BLADES, INC. CASE
Consideration of Direct Foreign Investment
For the last year, Blades, Inc., has been exporting to Thailand in order to supplement its declining U.S. sales. Under the existing arrangement, Blades sells 180,000 pairs of roller blades annually to Entertainment Products, a Thai retailer, for a fixed price denominated in Thai baht. The agreement will last for another 2 years. Furthermore, to diversify internationally and to take advantage of an attractive offer by Jogs, Ltd., a British retailer, Blades has recently begun exporting to the United Kingdom. Under the resulting agreement, Jogs will purchase 200,000 pairs of Speedos, Blades’ primary product, annually at a fixed price of £80 per pair. Blades’ suppliers of the needed components for its roller blade production are located primarily in the United States, where Blades incurs the majority of its cost of goods sold. Although prices for inputs needed to manufacture roller blades vary, recent costs have run approximately $70 per pair. Blades also imports components from Thailand because of the relatively low price of rubber and plastic components and because of their high quality. These imports are denominated in Thai baht, and the exact price (in baht) depends on prevailing market prices for these components in Thailand. Currently, inputs sufficient to manufacture a pair of roller blades cost approximately 3,000 Thai baht per pair of roller blades. Although Thailand had been among the world’s fastest growing economies, recent events in Thailandhave increased the level of economic uncertainty. Specifically, the Thai baht, which had been pegged to the dollar, is now a freely floating currency and has depreciated substantially in recent months. Furthermore, recent levels of inflation in Thailand have been very high. Hence, future economic conditions in Thailand are highly uncertain. Ben Holt, Blades’ chief financial officer (CFO), is seriously considering DFI in Thailand. He believes that this is a perfect time to either establish a subsidiary or acquire an existing business in Thailand because the uncertain economic conditions and the depreciation of the baht have substantially lowered the initial costs required for DFI. Holt believes the growth potential in Asia will be extremely high once the Thai economy stabilizes. Although Holt has also considered DFI in the United Kingdom, he would prefer that Blades invest in Thailand as opposed to the United Kingdom. Forecasts indicate that the demand for roller blades in the United Kingdom is similar to that in the United States; since Blades’ U.S. sales have recently declined because of the high prices it charges, Holt expects that DFI in the United Kingdom will yield similar results, especially since the components required to manufacture roller blades are more expensive in the United Kingdom than in the United States. Furthermore, both domestic and foreign roller blade manufacturers are relatively well established in the United Kingdom, so the growth potential there is limited. Holt believes the Thai roller blade market offers more growth potential. Blades can sell its products at a lower price but generate higher profit margins in Thailand than it can in the United States. This is because the Thai customer has committed itself to purchase a fixed number of Blades’ products annually only if it can purchase Speedos at a substantial discount from the U.S. price. Nevertheless, since the cost of goods sold incurred in Thailand is substantially below that incurred in the United States, Blades has managed to generate higher profit margins from its Thai exports and imports thanAs a financial analyst for Blades, Inc., you generally agree with Holt’s assessment of the situation. However, you are concerned that Thai consumers have not been affected yet by the unfavorable economic conditions. You believe that they may reduce their spending on leisure products within the next year. Therefore, you think it would be beneficial to wait until next year, when the unfavorable economic conditions in Thailand may subside, to make a decision regarding DFI in Thailand. However, if economic conditions in Thailand improve over the next year, DFI may become more expensive both because target firms will be more expensive and because the baht may appreciate. You are also aware that several of Blades’ U.S. competitors are considering expanding into Thailand in the next year. If Blades acquires an existing business in Thailand or establishes a subsidiary there by the end of next year, it would fulfill its agreement with Entertainment Products for the subsequent year. The Thai retailer has expressed an interest in renewing the contractual agreement with Blades at that time if Blades establishes operations in Thailand. However, Holt believes that Blades could charge a higher price for its products if it establishes its own distribution channels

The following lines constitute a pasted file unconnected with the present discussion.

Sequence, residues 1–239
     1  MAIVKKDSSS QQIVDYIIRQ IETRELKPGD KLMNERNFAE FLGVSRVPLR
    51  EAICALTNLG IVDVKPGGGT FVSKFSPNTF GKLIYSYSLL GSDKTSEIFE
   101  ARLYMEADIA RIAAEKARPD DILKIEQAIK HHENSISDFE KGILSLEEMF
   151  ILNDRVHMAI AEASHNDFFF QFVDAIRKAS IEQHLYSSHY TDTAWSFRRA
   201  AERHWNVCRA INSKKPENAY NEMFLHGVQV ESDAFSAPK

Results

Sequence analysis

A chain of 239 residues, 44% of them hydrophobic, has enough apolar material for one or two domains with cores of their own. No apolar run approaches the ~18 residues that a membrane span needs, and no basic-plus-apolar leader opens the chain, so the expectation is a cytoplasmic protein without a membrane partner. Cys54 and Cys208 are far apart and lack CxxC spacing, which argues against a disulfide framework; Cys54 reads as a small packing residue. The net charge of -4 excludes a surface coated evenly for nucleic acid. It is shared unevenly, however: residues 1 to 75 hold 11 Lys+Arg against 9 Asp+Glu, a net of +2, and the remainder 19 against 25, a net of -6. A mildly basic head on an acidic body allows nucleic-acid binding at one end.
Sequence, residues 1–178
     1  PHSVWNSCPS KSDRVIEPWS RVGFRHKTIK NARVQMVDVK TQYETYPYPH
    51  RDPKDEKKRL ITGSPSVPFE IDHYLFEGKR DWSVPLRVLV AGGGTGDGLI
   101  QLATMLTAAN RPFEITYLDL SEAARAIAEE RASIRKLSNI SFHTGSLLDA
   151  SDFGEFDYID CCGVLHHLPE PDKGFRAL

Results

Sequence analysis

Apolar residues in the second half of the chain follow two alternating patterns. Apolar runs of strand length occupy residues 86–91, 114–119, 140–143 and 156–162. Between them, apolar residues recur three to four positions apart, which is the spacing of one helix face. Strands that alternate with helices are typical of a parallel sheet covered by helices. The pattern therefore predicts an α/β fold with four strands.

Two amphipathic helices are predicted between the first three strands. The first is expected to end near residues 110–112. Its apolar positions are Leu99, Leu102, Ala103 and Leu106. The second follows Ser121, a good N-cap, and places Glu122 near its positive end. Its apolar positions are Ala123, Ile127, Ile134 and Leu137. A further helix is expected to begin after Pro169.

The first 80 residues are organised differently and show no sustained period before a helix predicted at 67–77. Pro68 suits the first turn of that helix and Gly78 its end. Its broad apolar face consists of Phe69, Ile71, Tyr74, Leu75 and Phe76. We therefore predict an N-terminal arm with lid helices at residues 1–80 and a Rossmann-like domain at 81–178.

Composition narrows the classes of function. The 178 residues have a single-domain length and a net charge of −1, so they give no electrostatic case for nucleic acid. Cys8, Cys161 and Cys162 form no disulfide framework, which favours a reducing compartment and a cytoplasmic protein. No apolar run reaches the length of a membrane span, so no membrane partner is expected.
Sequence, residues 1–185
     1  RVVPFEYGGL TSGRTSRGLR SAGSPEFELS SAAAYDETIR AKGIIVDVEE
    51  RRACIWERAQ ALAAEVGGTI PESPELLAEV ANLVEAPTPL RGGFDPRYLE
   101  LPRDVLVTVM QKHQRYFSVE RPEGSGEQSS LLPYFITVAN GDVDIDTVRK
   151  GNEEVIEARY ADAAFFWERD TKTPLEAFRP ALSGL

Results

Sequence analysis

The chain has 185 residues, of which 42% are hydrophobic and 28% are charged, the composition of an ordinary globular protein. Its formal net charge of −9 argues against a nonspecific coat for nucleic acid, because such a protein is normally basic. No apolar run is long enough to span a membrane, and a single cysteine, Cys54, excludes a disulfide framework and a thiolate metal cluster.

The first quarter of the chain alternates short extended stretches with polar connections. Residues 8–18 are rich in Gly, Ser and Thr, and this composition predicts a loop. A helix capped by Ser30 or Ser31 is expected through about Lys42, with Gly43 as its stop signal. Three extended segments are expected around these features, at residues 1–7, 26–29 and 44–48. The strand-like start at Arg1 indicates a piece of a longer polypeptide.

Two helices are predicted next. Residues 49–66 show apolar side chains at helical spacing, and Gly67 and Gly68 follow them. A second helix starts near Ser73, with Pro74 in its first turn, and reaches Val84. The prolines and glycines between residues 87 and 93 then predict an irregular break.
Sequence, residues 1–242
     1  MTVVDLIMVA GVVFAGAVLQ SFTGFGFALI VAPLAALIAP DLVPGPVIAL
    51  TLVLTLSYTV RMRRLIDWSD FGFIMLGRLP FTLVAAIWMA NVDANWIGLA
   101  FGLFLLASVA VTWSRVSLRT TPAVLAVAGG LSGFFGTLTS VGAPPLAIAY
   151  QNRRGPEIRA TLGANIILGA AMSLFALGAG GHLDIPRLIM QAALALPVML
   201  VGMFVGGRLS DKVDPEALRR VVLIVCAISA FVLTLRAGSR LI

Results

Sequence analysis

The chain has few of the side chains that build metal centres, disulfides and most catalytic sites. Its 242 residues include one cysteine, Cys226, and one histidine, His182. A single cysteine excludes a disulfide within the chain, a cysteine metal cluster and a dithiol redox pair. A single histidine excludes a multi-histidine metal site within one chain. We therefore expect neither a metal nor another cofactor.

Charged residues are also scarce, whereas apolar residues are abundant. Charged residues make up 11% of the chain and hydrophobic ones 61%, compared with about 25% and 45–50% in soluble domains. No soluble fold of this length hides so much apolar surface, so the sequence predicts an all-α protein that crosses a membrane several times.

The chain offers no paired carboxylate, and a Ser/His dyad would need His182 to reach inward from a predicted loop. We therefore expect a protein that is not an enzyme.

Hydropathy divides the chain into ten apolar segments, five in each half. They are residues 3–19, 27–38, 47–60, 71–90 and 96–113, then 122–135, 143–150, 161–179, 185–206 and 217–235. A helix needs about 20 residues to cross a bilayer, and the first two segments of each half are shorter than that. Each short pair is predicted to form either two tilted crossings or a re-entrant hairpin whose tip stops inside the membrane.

Holt has asked you to answer the following questions:
1. Identify and discuss some of the benefits that Blades, Inc., could obtain from DFI.
2. Do you think Blades should wait until next year to undertake DFI in Thailand? What is the trade-off if Blades undertakes the DFI now?
3. Do you think Blades should renew its agreement with the Thai retailer for another 3 years? What is the trade-off if Blades renews the agreement?
4. Assume a high level of unemployment in Thailand and a unique production process employed by Blades, Inc. How do you think the Thai government would view the establishment of a subsidiary in Thailand by firms such as Blades? Do you think the Thai government would be more or less supportive if firms such as Blades acquired existing businesses in Thailand? Why?